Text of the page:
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Govt says black money figures much inflated, a lot of it has come back as investments

NEW DELHI: The government has suggested in its first-ever official document on black money that a lot of the illicit cash stashed away overseas over the years may have come back into the country asinvestments, seeking to debunk the commonly-held notion that hundreds of billions of dollars of Indian money was held illegally in Swiss banks.

The document listed participatory notes (PNs), foreign direct investment (FDI) flows routed through low-tax countries and complex corporate structures as possible contributors to the scourge, but steered clear of naming offenders or putting an estimate on black money, provoking critics to slam it as more of a whitewash than a white paper.

The White Paper on Black Money significantly singled out the Vodafone tax case as an example of misuse of corporate structure to avoid paying taxes, further proof of the intensity of the finance ministry’s feelings on its tax dispute with the UK firm and suggesting a compromise was unlikely.

Presented by Finance Minister Pranab Mukherjee in Parliament, the document said illicit money parked outside India may have been brought back as FDI through Mauritius and Singapore and via stock market transactions involving participatory notes and global depository receipts, indicating a tighter scrutiny of these inflows in the future.

The release of the white paper, a day before the third anniversary of the UPA government, comes when the ruling coalition has been mostly on the defensive in its second term in office, buffeted by a series of scandals, popular anti-corruption agitations and scathing court judgments.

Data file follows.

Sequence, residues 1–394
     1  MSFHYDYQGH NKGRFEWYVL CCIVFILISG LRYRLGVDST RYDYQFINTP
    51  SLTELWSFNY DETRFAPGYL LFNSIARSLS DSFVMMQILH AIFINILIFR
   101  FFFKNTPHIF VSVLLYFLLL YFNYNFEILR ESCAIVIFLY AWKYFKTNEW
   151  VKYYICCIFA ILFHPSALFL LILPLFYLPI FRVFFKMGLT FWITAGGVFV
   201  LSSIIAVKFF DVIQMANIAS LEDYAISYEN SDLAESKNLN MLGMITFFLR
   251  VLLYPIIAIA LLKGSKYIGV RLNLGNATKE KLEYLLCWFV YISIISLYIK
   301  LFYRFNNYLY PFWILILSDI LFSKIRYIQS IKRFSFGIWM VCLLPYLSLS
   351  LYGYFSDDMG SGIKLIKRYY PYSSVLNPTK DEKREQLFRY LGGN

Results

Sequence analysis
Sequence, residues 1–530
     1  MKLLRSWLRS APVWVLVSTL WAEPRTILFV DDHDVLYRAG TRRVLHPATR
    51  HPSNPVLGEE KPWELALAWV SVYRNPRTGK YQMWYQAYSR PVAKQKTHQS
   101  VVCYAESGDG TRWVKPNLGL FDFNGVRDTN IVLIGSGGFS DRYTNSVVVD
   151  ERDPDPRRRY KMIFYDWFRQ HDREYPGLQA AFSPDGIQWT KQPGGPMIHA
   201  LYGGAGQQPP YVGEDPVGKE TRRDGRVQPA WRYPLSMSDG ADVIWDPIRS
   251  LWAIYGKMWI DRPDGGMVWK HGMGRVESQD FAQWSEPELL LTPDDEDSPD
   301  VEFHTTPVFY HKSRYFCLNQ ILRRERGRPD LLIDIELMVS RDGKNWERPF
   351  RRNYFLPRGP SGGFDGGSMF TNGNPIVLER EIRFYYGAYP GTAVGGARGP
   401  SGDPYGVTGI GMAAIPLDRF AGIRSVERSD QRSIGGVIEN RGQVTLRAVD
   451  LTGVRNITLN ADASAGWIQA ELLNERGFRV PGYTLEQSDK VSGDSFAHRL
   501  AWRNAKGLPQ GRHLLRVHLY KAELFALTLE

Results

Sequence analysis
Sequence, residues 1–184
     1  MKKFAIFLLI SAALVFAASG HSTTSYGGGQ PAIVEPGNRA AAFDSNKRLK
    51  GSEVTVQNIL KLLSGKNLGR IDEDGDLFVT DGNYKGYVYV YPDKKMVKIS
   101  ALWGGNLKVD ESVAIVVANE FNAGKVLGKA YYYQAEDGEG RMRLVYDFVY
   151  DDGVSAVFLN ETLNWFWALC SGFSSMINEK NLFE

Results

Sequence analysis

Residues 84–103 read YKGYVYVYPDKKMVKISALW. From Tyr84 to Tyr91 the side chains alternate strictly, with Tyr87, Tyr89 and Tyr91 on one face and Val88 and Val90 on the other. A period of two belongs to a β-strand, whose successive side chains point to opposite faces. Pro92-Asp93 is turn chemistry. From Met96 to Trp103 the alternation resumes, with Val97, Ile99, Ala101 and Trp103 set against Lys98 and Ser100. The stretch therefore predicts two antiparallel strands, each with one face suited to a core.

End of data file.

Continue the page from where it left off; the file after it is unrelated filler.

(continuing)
Not helping the government is the commonly-held notion that hundreds of billions of dollars have been spirited out of the country and stashed away overseas. US-based Global Financial Integrity, a non-profit research body that has long crusaded against illegal capital flight, said in 2010 that India had been drained of $462 billion between 1948 and 2008.

But the white paper said some of these numbers were over the top and baseless.

“Some of the widely-circulated figures about black money of Indians stashed abroad are baseless exaggerations,” it said.

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Posted by on May 22 2012. Filed under Business India News. You can follow any responses to this entry through the RSS 2.0. Both comments and pings are currently closed.

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